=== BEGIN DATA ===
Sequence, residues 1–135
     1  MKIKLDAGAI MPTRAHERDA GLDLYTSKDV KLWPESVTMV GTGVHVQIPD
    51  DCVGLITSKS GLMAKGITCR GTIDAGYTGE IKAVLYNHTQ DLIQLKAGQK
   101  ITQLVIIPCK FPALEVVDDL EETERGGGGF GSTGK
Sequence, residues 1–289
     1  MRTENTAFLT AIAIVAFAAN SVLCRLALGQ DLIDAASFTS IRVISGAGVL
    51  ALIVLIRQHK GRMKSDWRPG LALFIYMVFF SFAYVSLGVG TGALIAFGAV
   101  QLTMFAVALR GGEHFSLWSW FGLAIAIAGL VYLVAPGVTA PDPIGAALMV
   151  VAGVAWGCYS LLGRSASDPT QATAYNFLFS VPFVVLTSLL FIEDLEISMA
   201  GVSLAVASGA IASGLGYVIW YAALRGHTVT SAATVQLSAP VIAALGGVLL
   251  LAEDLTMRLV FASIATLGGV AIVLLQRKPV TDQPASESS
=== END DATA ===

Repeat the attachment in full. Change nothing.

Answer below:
Sequence, residues 1–135
     1  MKIKLDAGAI MPTRAHERDA GLDLYTSKDV KLWPESVTMV GTGVHVQIPD
    51  DCVGLITSKS GLMAKGITCR GTIDAGYTGE IKAVLYNHTQ DLIQLKAGQK
   101  ITQLVIIPCK FPALEVVDDL EETERGGGGF GSTGK
Sequence, residues 1–289
     1  MRTENTAFLT AIAIVAFAAN SVLCRLALGQ DLIDAASFTS IRVISGAGVL
    51  ALIVLIRQHK GRMKSDWRPG LALFIYMVFF SFAYVSLGVG TGALIAFGAV
   101  QLTMFAVALR GGEHFSLWSW FGLAIAIAGL VYLVAPGVTA PDPIGAALMV
   151  VAGVAWGCYS LLGRSASDPT QATAYNFLFS VPFVVLTSLL FIEDLEISMA
   201  GVSLAVASGA IASGLGYVIW YAALRGHTVT SAATVQLSAP VIAALGGVLL
   251  LAEDLTMRLV FASIATLGGV AIVLLQRKPV TDQPASESS